The bill to run AC
The figure is not exactly a bargain, totaling nearly $300,000 over the first three months. That figure does not include billing in February and March:
More from the Press of AC:
Chiesa Shahinian & Giantomasi, based in West Orange, Essex County, billed the state $201,333 for November through January, according to invoices the state released Friday through an Open Public Records Act request.
Chiesa’s $400-per-hour fees weren’t included. But Chiesa, who is leading the takeover of the city’s finances, said he’s billed about $80,000 for November through January. He said his invoices are still under state review.
In reality, about $100,000 a month to run a city seems like a decent deal. Except Atlantic City has elected leaders that are supposed to do that, without the extra spending.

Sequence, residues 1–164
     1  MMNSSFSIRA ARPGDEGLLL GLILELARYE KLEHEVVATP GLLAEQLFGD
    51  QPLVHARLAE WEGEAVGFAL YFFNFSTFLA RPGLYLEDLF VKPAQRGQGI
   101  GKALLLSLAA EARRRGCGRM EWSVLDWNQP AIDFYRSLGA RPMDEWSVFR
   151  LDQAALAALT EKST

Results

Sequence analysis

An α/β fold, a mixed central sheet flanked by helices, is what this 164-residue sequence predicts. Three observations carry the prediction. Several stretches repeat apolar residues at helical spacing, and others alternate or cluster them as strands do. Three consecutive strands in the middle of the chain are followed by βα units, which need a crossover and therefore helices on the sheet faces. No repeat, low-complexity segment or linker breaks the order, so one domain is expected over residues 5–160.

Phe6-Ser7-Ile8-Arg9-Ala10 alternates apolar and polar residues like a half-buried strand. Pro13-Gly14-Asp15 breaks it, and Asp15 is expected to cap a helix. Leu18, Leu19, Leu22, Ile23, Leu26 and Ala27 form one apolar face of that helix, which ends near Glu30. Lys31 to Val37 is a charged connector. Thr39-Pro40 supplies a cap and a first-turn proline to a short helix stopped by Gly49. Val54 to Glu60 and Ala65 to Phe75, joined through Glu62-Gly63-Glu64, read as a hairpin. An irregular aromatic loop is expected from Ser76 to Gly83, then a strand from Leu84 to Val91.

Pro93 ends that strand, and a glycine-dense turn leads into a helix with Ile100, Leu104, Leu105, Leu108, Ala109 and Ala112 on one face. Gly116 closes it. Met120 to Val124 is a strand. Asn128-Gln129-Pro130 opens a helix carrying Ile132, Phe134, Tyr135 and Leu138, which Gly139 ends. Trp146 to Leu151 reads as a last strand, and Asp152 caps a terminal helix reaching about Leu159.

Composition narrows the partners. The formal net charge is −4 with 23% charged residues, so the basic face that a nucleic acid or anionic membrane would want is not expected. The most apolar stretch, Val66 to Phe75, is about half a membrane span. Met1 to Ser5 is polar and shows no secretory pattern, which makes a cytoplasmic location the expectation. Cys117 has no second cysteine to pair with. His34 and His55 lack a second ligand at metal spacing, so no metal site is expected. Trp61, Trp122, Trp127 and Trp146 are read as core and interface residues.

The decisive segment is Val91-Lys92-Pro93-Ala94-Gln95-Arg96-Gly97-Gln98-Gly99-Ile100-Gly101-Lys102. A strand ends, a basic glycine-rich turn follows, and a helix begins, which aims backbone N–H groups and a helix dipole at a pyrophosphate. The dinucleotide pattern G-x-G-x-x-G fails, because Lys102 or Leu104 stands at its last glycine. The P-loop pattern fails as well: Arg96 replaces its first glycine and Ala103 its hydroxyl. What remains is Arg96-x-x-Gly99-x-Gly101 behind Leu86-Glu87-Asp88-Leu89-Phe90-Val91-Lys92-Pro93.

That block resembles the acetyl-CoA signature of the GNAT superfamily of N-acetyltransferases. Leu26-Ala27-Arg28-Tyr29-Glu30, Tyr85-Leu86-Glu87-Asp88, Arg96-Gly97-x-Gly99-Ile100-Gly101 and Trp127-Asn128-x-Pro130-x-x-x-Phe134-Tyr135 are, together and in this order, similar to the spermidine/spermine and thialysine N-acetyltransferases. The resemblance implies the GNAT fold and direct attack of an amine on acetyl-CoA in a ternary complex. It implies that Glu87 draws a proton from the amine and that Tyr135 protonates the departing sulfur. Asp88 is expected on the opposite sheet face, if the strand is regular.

Chiesa and co., getting results for AC?
No matter what the bill comes in at, you can argue that New Jersey hasn’t done a bad job managing things. Chiesa, for his part, has been pretty quiet.
But some very positive developments have taken place under the state’s watch:
- NJ settled a tax dispute between AC and Borgata to the tune of $72 million. That’s far less than AC likely owed its biggest resort, and gives more cost certainty to AC moving forward.
- The city has an upgraded credit rating that no longer says that bankruptcy is the only option.
- There have been a number of good things happening on the development of and investment in AC. The latest is the plan to turn Atlantic Club into a water park.
Meanwhile, the AC bills will mount up
AC is going to be in the hands of New Jersey and Chiesa’s firm for awhile, as they try to untangle the financial mess. The city is still in danger of missing loan payments in the coming months, despite the recent successes.
Still, things look a lot better in AC then they did just a few months ago.